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Keep in touch with kids at camp

Water bottles make great receptacles for mini gifts.  King Features (King Features / The Spokesman-Review)
Water bottles make great receptacles for mini gifts. King Features (King Features / The Spokesman-Review)
Donna Erickson

If you are sending your child to summer camp for the first time, you may be experiencing the conflicting emotions reminiscent of that day years ago when the same child boarded the yellow school bus for kindergarten.

It’s another one of those “letting go” milestones that catches parents off guard.

While checking off your lists and helping your child pack his duffel bag with the standard camp fare of T-shirts, underwear, swimsuit, pj’s, jeans, sneakers, bug spray, a camera, flashlight and extra socks, you may find yourself jolted. “Wait a minute! Is this child really ready for a seven-day, six-night camp experience in the wild?”

Or, perhaps more accurately, are you ready?

That’s the moment you’ll want to tuck in some addressed envelopes or postcards, stamps and a pen in a little bag hoping he will send back his version of time away.

Even more, it’s the campers who love to receive mail and thoughts from home.

Here are some tips for keeping in touch:

•Write and send a note or two to your child’s camp two days before he leaves home. Your child will be ecstatic when he hears his name at mail call the first day of camp.

•If your child is a baseball fan, remember to send clippings of box scores of games they are missing.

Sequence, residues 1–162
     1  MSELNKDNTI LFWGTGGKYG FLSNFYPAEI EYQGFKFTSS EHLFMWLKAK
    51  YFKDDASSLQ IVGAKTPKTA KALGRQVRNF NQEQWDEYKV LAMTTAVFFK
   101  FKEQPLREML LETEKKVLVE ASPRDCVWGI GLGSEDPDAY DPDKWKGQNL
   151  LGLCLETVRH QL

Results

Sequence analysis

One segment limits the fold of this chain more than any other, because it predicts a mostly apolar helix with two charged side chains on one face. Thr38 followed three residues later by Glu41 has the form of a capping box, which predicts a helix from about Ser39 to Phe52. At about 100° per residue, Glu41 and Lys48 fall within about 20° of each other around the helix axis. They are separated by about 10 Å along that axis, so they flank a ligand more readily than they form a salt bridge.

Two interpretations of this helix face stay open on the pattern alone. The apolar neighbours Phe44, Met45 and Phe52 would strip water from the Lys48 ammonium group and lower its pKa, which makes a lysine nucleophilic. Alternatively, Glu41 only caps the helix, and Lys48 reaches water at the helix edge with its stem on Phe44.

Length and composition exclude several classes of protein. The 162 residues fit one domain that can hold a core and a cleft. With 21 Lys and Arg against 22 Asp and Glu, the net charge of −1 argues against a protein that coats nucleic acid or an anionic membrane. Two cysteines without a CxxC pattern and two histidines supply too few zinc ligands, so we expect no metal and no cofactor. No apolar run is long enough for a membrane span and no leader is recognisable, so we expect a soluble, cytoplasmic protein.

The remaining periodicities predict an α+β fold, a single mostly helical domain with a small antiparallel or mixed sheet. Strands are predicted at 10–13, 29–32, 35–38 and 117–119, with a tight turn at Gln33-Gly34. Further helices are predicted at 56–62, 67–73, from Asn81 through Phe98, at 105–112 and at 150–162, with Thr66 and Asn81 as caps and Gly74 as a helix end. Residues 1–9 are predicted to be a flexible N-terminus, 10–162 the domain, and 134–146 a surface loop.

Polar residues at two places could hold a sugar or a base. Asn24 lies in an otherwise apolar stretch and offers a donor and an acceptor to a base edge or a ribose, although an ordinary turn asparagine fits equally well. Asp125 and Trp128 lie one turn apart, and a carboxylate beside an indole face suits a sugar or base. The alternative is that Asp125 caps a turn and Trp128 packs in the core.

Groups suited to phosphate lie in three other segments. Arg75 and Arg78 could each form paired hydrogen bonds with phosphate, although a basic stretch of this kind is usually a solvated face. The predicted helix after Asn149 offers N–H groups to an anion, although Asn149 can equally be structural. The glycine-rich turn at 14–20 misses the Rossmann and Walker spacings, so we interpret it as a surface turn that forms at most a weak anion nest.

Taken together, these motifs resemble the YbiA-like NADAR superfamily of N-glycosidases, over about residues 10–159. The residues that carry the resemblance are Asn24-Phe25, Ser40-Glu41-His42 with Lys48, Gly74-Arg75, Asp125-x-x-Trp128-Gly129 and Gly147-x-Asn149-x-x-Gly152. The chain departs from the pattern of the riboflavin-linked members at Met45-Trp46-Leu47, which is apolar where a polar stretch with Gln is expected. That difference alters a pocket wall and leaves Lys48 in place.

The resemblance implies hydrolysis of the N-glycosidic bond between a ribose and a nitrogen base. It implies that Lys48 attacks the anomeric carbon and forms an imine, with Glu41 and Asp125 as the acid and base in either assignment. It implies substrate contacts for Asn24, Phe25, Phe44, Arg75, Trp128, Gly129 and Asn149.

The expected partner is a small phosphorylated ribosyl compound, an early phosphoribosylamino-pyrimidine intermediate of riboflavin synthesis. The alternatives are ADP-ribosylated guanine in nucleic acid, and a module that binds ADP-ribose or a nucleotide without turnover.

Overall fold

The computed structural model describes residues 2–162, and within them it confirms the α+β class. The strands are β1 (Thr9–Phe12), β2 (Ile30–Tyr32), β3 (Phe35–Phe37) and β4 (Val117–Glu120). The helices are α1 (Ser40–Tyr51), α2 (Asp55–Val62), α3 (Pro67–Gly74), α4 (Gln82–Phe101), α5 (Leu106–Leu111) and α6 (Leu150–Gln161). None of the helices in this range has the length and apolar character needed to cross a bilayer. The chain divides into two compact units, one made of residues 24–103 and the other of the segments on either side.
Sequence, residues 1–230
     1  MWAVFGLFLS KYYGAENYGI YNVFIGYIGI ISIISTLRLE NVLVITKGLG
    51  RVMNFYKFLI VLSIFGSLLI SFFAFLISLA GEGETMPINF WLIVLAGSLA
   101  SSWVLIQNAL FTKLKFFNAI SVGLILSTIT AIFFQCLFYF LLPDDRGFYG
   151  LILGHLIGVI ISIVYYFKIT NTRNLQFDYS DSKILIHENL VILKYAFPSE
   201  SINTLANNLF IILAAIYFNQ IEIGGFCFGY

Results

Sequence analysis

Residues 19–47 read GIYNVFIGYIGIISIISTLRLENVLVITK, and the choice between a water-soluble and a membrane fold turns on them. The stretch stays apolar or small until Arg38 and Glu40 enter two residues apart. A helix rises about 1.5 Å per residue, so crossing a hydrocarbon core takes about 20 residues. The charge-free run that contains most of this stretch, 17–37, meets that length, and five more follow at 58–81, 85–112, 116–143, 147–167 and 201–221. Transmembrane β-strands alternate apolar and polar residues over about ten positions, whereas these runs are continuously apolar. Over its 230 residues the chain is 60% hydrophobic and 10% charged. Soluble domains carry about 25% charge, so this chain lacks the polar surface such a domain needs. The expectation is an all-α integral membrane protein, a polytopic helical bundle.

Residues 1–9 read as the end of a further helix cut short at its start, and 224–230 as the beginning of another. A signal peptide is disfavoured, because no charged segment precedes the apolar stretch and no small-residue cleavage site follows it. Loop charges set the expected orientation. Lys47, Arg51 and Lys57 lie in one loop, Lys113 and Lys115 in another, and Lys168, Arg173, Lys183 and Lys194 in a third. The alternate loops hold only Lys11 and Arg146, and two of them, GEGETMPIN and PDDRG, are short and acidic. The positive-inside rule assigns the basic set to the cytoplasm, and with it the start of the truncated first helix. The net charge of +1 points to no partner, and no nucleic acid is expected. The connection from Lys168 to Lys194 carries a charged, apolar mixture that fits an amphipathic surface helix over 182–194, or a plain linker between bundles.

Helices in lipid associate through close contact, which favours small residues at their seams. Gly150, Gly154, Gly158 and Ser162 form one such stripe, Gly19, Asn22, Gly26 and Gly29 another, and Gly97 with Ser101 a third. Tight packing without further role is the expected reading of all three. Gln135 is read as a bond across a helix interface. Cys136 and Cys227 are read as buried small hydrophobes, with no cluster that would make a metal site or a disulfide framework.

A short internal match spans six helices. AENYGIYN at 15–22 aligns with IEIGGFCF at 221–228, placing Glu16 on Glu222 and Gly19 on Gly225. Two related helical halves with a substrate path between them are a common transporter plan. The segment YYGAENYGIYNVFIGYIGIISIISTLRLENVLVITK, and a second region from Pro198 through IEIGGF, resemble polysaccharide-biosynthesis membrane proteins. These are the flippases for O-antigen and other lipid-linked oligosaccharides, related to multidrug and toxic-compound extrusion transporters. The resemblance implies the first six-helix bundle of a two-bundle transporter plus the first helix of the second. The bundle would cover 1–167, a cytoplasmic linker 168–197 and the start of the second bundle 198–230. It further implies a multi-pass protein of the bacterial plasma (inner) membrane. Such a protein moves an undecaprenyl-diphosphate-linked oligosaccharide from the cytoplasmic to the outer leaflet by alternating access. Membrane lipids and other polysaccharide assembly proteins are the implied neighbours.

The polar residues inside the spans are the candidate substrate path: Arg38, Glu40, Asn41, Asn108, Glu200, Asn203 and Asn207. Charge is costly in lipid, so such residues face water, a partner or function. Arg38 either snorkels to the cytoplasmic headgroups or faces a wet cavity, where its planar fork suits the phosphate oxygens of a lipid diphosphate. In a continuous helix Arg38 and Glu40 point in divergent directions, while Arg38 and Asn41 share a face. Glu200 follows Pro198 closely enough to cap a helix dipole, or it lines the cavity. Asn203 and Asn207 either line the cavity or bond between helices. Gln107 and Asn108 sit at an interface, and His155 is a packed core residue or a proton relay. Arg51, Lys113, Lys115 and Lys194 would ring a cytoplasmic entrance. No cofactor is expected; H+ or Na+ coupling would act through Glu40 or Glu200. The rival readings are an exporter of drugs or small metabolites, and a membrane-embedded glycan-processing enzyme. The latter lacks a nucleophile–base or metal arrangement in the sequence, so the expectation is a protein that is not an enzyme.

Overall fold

•Maybe your child is celebrating a birthday while away. Surprise her with extra fun mini gifts packaged in a plastic bottle!

Fill a large, wide-mouthed water bottle with a screw on cap with clever items your child will enjoy: balloons, stickers, mini flashlight, beads, string, rubber balls, lip gloss, rubber spiders and critters to tuck under unsuspecting friends’ and counselors’ pillows!

For a personal touch, find a photo from a previous birthday and cut it into puzzle shapes for your child to put together.

Tape the lid with packing tape after you have screwed it on tightly to ensure that it stays closed. Label it clearly, have it weighed by your postal clerk for correct postage and send it off.

Extra “greetings in a bottle” ideas:

•Celebrate the birth of a new baby by sending a sturdy plastic baby bottle filled with a card and small items such as a small fork and spoon, bib and pacifier.

•Throwing a backyard party or planning a family reunion? Send a lightweight recycled plastic water bottle filled with confetti and the invitation.

Donna Erickson is the author of several books about family activities and host of a public television series. See more at
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